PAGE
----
A few years ago, economic uncertainty had car buyers in Fresno and across the country sitting squarely on their wallets. The recession prompted would-be customers to wring a few extra years and as many miles as possible out of their paid-off vehicles rather than committing to a new-car purchase or lease – and another three to six years of car payments.
But for auto dealers locally and nationally, the good times are back with a vengeance as a growing number of buyers, buoyed by an improving economy, satisfy a hankering for a new set of wheels.
“It’s been phenomenal,” said Tim Finegan Jr., vice president of family-owned Fresno Chrysler Dodge Jeep Ram. “The economy is on an upswing, car manufacturers are building great cars, and financing is really, really good.” Between the family’s two dealerships, including Clovis Chrysler Dodge Jeep Ram where his brother Brian Finegan is the general manager, sales this fall have “just been huge, crazy.”
Business is back. It’s fun again because now we can take care of people.
Tim Finegan Jr., vice president, Fresno Chrysler Dodge Jeep Ram
Finegan said the upbeat mood among the Valley’s auto dealers was infectious at the recent Central California Auto Show at the Fresno Convention Center. “You could not believe how big the smiles were on everyone’s faces,” he said. “Business is back. It’s fun again because now we can take care of people, get financing done, get people into new cars. … It’s been a steady flow that’s just getting stronger and stronger every quarter.”
The reticence among customers started to loosen up a couple of years ago, after the worst effects of the recession faded. Dealers across the region began seeing renewed signs of life about 2011, “and we could really kind of see things changing starting in 2012-13, and it’s been climbing since,” said Scott Biehl, president of the Fresno-Clovis New Car Dealers Association and owner of Mercedes-Benz of Fresno.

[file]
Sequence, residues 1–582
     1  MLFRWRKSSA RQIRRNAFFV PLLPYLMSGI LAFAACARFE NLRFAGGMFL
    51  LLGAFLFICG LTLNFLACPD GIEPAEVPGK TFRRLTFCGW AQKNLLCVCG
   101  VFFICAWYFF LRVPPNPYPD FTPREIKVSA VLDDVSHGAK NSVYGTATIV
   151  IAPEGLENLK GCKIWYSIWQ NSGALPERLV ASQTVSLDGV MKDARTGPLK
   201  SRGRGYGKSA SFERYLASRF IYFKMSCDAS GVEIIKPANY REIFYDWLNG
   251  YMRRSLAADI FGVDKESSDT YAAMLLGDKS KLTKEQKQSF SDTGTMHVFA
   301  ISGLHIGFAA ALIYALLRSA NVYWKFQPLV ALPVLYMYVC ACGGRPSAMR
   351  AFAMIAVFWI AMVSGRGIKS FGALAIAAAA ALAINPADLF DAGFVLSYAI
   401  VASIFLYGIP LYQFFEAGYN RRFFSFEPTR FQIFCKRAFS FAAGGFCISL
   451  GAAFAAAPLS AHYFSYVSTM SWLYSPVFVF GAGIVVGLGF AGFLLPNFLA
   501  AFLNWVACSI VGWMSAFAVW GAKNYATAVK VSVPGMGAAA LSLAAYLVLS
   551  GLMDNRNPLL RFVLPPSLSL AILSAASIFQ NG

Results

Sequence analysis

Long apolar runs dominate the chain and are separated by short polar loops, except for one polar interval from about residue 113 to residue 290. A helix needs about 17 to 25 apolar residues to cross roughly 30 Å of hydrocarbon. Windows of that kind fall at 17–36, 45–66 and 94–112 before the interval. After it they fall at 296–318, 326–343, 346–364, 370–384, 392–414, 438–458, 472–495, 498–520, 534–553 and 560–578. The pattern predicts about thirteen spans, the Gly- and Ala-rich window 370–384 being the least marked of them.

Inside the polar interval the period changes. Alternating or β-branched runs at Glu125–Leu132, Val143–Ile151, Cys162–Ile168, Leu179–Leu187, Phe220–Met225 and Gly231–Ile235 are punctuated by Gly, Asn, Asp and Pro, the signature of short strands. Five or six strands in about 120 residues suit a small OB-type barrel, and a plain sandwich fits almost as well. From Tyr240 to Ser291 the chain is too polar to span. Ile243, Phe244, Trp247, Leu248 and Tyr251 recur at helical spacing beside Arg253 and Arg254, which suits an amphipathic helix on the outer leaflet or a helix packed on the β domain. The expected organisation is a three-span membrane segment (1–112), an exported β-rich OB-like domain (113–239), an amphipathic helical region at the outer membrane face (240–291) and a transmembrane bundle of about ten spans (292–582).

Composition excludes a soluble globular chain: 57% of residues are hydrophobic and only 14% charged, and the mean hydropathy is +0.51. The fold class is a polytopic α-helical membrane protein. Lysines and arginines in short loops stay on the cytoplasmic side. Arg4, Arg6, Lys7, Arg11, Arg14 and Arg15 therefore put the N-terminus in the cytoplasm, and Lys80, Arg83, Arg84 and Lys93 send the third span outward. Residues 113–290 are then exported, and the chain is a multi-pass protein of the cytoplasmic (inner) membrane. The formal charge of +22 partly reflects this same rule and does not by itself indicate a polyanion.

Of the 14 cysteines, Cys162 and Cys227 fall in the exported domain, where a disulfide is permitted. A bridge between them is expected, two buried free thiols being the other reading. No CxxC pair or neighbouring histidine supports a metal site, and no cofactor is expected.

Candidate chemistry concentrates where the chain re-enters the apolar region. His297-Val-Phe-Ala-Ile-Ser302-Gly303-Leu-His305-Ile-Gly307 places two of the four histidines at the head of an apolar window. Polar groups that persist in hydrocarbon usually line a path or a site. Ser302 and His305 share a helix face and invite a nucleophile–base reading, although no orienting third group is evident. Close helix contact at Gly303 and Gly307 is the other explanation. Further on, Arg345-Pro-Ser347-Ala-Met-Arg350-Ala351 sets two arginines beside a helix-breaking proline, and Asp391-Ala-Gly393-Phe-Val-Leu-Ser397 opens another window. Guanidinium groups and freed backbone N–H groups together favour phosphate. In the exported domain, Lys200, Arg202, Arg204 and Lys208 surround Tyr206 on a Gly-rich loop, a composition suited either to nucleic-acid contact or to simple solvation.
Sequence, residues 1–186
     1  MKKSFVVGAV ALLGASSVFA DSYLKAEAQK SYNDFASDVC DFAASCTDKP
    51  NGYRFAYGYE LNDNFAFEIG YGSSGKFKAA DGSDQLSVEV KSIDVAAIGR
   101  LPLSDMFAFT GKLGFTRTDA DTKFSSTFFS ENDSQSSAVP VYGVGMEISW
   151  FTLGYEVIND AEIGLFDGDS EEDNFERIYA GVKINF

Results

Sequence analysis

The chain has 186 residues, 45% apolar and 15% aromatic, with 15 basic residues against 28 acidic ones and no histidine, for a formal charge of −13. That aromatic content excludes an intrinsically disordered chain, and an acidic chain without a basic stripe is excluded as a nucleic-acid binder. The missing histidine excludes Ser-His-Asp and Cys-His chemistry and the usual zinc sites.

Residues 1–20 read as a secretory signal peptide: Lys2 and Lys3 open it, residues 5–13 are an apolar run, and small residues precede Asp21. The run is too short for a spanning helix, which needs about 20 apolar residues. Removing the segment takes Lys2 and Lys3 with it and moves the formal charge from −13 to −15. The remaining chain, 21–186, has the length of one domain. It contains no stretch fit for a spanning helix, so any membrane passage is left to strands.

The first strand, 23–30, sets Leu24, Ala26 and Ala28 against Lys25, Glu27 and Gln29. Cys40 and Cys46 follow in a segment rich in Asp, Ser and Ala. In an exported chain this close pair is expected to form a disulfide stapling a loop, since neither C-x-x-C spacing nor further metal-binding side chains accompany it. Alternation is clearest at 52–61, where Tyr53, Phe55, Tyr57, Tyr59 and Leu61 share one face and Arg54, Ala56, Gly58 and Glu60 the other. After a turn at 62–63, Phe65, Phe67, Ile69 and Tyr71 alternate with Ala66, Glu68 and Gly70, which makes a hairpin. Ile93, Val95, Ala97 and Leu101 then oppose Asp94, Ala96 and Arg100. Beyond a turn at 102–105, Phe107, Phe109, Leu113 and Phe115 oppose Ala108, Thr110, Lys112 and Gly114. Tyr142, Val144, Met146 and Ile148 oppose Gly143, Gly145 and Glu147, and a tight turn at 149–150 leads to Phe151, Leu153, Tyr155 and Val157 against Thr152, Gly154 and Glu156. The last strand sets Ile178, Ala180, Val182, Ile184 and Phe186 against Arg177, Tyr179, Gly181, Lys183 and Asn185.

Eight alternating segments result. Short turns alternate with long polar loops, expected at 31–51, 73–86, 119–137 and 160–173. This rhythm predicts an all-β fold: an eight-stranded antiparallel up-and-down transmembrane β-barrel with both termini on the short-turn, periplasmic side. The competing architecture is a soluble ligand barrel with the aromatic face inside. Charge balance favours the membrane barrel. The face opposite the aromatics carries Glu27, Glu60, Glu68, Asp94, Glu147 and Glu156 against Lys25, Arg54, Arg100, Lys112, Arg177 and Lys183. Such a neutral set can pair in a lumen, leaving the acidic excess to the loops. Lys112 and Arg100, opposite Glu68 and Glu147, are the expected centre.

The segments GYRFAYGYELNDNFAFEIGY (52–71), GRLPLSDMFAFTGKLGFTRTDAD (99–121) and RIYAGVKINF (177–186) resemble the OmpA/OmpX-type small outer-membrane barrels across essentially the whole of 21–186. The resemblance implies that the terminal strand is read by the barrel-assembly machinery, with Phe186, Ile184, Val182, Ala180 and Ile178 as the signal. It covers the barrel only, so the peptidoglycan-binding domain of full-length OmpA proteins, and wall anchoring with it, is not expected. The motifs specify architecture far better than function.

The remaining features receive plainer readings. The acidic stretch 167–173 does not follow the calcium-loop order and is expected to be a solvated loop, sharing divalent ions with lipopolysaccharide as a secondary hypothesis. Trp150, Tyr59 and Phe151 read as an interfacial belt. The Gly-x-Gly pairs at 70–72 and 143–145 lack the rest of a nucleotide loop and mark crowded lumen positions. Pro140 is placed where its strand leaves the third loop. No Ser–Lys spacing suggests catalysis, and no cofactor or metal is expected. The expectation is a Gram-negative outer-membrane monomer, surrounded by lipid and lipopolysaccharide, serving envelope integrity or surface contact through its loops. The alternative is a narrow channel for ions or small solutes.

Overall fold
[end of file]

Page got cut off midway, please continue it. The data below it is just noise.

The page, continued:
Biehl said customer interest was evident for all levels of vehicles at last weekend’s auto show, which the association co-sponsors. “We know when we get that kind of turnout, visitors to the car show are looking for the new technology,” he said. “They’re ready to upgrade their vehicle and get into something new. Interest rates are still very inexpensive, and there are some good incentives out there.”
As unemployment rates fall in the Valley and the region’s economy continues to perk up, car buyers are getting more confident in getting into the market again. “Consumers are having more faith in themselves and in the community,” said Cal Sager, general manager at Lithia Ford Lincoln in Fresno.
Finegan and Sager said automakers are helping to fuel the demand with fairly aggressive incentives, including low interest rates and rebates. Chrysler recently announced that it is offering 0 percent financing for up to 75 months – more than six years – for qualified buyers, Finegan said. But not every manufacturer is buying into the zero-interest strategy.
“It’s always a fine line, but the companies have always been aggressive,” said Sager, who came to Fresno to run Lithia’s Ford franchise after years working for dealerships in the Bay Area.
“They’re always enticing people, whether it’s with direct rebates or low interest rates. … Now they’re more aggressive with rebates to help people with a down payment or who are in an upside-down situation where they owe more on their (old) vehicle than it’s worth.”
We went from 105 cars a month on average (in 2014) up to 250 cars (this year). We’re estimating to do 300 a month in 2016.
Cal Sager, general manager, Lithia Ford in Fresno